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Almonds to Overcome Anxiety during Menopause

Women going through menopause are at a higher risk of developing an anxiety disorder and may wonder what they can add into their diets for natural relief. Almonds may be the answer.

Continue reading to learn about how almonds can help overcome anxiety during menopause so that you can stop worrying and start living.

almonds for anxiety

Why Almonds Are Good for Anxiety

Almonds are good for anxiety because they are rich in vitamins, minerals, and other nutrients necessary to relieve stress during menopause and other periods of reproductive significance. 

Also, along with improving mental health, almonds have also been found to boost heart health and memory while decreasing the risk of Alzheimer's.

The following are some of almonds' essential compounds for anxiety:


Amino acids

Almonds are rich in an amino acid called tyrosine. Tyrosine is essential for the body to produce neurotransmitters, which are a class of chemicals that include dopamine. Neurotransmitters are responsible for helping cells in the nervous system to communicate and also influence mood.



Research has shown that zinc can be used to fight mental health problems and depression because it plays an important role in how the brain and body respond to stress. Low levels of the mineral are also correlated to depression, Attention Deficit Hyperactivity Disorder (ADHD), and aggression.


Vitamin E

Almonds contain vitamin E, a powerful antioxidant that protects cells from oxidative damage. Research has found that those suffering from generalized anxiety disorder and depression have significantly lower levels of vitamin E compared to others.



Magnesium is a natural muscle relaxant and has been found to attenuate anxiety symptoms by moderating the activity of the hypothalamic pituitary adrenal axis (HPAA), which copes with the demands of stressors. 


Monosaturated fat

Almonds - like other nuts, tomatoes, fruits, leafy greens, fatty fish, and olive oil - contain healthy fats. These healthy fats fight inflammation, and inflammation can lead to heart disease, diabetes, and mental health problems like anxiety.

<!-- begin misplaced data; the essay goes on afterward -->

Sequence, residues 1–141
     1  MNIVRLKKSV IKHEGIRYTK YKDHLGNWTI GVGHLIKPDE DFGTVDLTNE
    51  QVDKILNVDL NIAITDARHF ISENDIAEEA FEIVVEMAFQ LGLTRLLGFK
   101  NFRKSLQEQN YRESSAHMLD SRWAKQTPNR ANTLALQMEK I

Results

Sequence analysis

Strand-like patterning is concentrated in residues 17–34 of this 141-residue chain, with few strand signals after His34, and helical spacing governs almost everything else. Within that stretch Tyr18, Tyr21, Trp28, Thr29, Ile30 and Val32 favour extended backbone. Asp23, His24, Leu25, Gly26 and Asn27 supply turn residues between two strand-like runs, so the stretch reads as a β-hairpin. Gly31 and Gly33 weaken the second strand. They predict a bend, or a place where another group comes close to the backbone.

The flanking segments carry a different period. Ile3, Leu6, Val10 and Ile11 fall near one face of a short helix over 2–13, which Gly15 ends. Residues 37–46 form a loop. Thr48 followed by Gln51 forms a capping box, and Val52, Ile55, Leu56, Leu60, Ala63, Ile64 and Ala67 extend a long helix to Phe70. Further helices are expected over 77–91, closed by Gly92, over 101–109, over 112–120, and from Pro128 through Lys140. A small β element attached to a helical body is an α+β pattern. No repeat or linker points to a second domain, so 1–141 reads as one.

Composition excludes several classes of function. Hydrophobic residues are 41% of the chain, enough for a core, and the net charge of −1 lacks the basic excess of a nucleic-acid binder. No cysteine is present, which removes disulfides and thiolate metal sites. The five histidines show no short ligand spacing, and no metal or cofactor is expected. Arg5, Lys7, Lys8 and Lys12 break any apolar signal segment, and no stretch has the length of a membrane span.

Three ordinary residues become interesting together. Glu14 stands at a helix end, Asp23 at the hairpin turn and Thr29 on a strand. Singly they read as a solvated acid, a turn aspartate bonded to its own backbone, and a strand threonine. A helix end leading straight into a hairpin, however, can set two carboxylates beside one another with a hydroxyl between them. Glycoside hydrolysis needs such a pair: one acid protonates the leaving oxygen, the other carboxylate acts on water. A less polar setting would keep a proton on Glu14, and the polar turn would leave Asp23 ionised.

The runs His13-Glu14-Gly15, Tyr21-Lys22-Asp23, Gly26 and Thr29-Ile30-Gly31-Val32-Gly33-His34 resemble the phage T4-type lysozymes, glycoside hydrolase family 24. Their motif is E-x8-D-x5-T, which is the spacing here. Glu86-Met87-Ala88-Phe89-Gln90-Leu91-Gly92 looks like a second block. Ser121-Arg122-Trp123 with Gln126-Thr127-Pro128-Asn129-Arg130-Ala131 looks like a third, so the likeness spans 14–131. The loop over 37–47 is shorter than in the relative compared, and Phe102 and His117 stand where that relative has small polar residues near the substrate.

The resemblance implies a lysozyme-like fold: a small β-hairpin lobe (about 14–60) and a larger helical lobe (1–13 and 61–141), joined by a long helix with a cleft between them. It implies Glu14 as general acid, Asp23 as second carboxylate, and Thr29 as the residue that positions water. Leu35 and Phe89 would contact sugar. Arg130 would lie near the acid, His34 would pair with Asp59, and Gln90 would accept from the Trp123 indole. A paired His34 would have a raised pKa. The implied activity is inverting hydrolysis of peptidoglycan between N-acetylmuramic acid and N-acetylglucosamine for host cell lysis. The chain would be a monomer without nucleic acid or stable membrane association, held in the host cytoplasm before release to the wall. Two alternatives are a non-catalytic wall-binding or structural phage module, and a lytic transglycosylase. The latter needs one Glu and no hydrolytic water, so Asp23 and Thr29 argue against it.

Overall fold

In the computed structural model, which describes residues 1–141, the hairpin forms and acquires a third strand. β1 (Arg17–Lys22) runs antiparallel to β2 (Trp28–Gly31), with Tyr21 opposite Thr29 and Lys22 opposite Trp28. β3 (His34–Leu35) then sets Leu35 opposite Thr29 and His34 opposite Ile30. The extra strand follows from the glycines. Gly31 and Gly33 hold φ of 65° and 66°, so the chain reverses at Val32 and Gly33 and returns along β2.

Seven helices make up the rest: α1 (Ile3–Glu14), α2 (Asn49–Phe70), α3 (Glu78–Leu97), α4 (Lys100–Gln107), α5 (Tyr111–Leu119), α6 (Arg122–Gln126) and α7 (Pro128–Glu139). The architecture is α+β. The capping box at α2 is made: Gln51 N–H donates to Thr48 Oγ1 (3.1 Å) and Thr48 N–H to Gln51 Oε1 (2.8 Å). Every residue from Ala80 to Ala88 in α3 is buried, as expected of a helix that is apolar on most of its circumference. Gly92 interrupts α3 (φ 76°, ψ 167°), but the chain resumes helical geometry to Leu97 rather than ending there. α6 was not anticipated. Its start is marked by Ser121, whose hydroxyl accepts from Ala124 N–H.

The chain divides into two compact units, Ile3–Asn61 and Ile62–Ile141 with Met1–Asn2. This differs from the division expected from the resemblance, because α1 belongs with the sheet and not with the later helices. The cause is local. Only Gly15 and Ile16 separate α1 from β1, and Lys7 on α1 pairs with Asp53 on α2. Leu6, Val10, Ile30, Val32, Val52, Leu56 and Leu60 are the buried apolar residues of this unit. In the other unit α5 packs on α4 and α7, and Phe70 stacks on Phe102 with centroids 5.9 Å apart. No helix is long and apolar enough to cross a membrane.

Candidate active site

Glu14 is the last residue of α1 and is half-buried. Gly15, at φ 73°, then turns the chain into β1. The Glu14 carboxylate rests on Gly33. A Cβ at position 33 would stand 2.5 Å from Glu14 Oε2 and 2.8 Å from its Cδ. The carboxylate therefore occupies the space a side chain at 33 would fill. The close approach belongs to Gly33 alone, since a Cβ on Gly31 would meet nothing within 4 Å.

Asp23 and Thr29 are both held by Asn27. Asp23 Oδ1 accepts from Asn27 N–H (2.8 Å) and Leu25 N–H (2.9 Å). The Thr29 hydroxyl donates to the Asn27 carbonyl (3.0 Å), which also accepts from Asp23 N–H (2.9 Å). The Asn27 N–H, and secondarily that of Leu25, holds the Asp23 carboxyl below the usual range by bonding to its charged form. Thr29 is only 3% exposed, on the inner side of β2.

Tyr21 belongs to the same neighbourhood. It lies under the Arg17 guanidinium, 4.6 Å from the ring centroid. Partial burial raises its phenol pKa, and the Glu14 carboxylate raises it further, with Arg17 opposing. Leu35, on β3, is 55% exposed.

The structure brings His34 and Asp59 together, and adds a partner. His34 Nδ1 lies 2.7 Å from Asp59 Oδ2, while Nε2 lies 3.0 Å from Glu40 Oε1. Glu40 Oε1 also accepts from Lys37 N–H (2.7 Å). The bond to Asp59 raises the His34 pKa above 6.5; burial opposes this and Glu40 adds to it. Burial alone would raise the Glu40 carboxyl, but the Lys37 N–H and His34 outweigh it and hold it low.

More Information

While a healthy, well-balanced diet that includes almonds can help improve mood, menopausal women suffering from anxiety should look to treat the underlying cause of hormonal imbalance for optimal results. Click on the following link for more information about natural and effective anxiety treatments.

3 Helpful Tips for Social Anxiety

It is normal to feel nervous when faced with a pressurized situation, but for some people, these emotions feel extreme and prompt a range of emotional and physical symptoms over which the sufferer has no control.This article gives more information about social anxiety disorder.

Anxiety and Dizziness: The Link

Anxiety and dizziness are among the common symptoms of menopause, but they are also disorders on their own. These symptoms are common complaints, especially among older women going through menopause. Keep reading to learn more about anxiety and dizziness.

Do's and Don'ts of Coping with Social Anxiety

Everyone experience anxious and embarrassed feelings on occasion, which is normal.There are many types of anxiety disorders that can range from mild to severe. Exercising and therapy can be very beneficial.

  • Boyle, N.B. et al. (2017). The Effects of Magnesium Supplementation on Subjective Anxiety and Stress-A Systematic Review. Nutrients, 9(5), 429. doi: 10.3390/nu9050429
  • Gautam, M. et al. (2012). Role of antioxidants in generalized anxiety disorder and depression. Indian Journal of Psychiatry, 54(3), 244-247. doi: 10.4103/0019-5545.102424
  • Harvard Health Publishing. (2018). The truth about fats: the good, the bad, and the in-between. Retrieved from
  • Salim, S. et al. (2012). Inflammation in anxiety. Advances in Protein Chemistry and Structural Biology, 88, 1-25. doi: 10.1016/B978-0-12-398314-5.00001-5
  • Swardfager, W. et al. (2013). Potential roles of zinc in the pathophysiology and treatment of major depressive disorder. Neuroscience and Biobehavioral Reviews, 37(5), 911-929. Retrieved January 31, 2019, from